Tesla (TSLA) CEO Elon Musk’s online antics have once again put the company in a negative light. Shares of Tesla took a dip in the aftermath of Musk’s latest scandal, an entirely inexplicable Twitter controversy involving one of the men who helped save 12 boys and their soccer coach from a Thai cave, according to CNBC.

On Monday, Tesla shares closed at $310.10, a three percent drop on the day. The fall could be attributed to what was a disastrous public relations weekend for the electric car manufacturer’s outspoken founder.

Musk’s most controversial act over the weekend was to call British caver Vern Unsworth a pedophile. He later deleted the tweet and Musk did not respond to the BBC's request for comment.

Unsworth assisted in the rescue of a Thai youth soccer team by providing knowledge of the cave system they were trapped in. He also publicly criticized Musk’s potential involvement in the rescue, saying the experimental submarine Musk wanted to use would not have worked.

GettyImages-942517086 Tesla shares fell after CEO Elon Musk's bad PR weekend. Elon Musk attends the premiere and Q&A for 'Do You Trust This Computer?' at The Regency Village Theatre on April 5, 2018 in Westwood, California. Photo: Alberto E. Rodriguez/Getty Images

Unsworth told the Guardian he was “astonished and very angry” at what Musk said and was considering legal action against the tech billionaire.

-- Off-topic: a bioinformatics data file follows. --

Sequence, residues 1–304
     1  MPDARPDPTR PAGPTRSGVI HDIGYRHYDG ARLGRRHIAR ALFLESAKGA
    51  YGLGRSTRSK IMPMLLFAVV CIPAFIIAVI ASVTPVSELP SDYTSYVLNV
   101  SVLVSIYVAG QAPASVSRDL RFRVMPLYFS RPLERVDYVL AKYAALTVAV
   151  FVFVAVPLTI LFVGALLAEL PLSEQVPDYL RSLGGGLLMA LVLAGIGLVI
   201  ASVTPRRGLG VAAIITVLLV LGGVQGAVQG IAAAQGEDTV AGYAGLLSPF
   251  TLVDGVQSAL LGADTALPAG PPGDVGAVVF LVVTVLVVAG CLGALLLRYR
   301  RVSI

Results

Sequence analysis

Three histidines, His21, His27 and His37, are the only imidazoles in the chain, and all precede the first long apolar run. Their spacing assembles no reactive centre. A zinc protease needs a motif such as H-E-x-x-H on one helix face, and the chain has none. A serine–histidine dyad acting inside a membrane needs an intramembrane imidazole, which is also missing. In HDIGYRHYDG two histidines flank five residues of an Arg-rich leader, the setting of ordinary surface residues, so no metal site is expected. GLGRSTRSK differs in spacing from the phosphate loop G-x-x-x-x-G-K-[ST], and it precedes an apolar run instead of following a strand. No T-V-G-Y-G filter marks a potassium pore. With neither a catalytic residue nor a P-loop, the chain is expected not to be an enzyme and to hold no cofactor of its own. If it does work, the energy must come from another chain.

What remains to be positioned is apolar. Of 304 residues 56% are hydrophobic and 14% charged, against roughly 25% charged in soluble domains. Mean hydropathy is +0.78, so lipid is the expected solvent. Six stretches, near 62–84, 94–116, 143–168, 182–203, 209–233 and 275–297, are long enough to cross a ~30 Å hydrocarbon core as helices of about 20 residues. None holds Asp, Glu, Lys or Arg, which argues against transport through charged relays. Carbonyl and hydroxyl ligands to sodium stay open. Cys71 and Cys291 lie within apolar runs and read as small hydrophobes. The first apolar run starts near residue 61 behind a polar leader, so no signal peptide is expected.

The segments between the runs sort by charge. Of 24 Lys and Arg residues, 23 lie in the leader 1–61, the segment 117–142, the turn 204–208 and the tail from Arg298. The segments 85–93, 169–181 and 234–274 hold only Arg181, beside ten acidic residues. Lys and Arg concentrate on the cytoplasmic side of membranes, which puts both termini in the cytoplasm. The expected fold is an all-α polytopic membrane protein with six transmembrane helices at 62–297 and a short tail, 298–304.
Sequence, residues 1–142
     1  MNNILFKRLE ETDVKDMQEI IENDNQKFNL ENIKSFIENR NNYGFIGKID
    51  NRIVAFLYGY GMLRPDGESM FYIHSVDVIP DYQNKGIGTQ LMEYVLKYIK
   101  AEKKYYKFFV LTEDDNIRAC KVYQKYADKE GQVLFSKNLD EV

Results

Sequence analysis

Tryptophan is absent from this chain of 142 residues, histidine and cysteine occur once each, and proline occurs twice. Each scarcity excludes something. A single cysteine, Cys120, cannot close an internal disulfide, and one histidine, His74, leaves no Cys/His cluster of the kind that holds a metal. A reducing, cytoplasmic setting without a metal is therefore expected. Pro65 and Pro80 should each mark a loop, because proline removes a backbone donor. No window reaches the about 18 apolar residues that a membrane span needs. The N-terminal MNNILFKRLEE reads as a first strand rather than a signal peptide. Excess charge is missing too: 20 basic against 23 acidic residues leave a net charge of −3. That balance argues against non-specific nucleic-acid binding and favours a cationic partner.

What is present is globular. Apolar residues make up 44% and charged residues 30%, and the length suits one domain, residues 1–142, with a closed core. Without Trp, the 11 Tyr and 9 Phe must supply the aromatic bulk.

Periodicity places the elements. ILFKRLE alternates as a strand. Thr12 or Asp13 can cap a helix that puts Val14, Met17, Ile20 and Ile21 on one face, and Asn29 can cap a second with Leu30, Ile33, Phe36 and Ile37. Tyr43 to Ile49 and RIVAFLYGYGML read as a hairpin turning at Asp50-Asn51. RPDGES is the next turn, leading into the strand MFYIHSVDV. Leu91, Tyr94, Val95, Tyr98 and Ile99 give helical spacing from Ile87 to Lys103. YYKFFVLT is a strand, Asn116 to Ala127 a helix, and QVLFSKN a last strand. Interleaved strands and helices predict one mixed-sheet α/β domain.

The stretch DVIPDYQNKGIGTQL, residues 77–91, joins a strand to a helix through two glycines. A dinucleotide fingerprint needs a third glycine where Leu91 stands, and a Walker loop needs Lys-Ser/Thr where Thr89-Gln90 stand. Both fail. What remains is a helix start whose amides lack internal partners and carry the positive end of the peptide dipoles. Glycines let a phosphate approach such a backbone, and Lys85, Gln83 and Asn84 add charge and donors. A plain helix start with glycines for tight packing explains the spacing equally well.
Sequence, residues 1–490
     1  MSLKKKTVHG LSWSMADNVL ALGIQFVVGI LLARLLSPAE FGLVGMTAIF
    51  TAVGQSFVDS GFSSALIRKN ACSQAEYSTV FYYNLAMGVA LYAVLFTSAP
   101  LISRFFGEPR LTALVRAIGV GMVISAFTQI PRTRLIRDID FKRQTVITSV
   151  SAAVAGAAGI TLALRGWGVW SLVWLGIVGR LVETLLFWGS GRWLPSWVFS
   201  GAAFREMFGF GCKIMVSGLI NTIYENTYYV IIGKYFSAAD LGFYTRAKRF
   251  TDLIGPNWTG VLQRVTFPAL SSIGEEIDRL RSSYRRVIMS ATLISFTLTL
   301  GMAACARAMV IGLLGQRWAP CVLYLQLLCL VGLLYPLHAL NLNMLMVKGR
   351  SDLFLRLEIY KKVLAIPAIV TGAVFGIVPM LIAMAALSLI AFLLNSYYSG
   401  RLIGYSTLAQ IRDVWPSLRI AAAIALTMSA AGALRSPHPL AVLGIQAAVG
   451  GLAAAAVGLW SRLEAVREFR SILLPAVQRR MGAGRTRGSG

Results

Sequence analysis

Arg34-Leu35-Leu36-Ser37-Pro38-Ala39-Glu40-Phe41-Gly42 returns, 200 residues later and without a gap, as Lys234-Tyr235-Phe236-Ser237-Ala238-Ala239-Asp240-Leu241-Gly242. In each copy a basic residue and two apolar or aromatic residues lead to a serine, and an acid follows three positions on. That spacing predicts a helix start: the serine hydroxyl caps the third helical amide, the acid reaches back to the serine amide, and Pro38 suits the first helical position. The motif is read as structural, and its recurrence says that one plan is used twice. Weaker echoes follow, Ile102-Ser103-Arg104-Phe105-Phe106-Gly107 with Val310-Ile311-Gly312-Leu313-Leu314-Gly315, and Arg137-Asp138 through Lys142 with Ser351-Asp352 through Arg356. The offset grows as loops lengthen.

Musk also took flak for donating nearly $40,000 to the political action committee Protect The House. The PAC is dedicated to maintaining Republican control of the House of Representatives in the 2018 midterm elections. Musk has donated to candidates in multiple parties over the years and claimed on Twitter to be politically unaffiliated. However, the donations did not help his case among people who are already highly critical of Musk.

At least one Tesla shareholder has publicly called for Musk to get off of Twitter and focus on his job. Tesla has faced concerns about its ability to become profitable in the near future due to lingering production problems with the mass-market Model 3 car.

Last week, Tesla opened up Model 3 delivery orders to the general public for the first time, an encouraging sign for the company’s ability to mass produce the vehicles. Even that was met with PR trouble, though. A report emerged last week that Tesla factory workers worked in unsafe, exhausting conditions in order to meet production quotas.

Shares of Tesla gained 1.42 percent in early trading on Tuesday.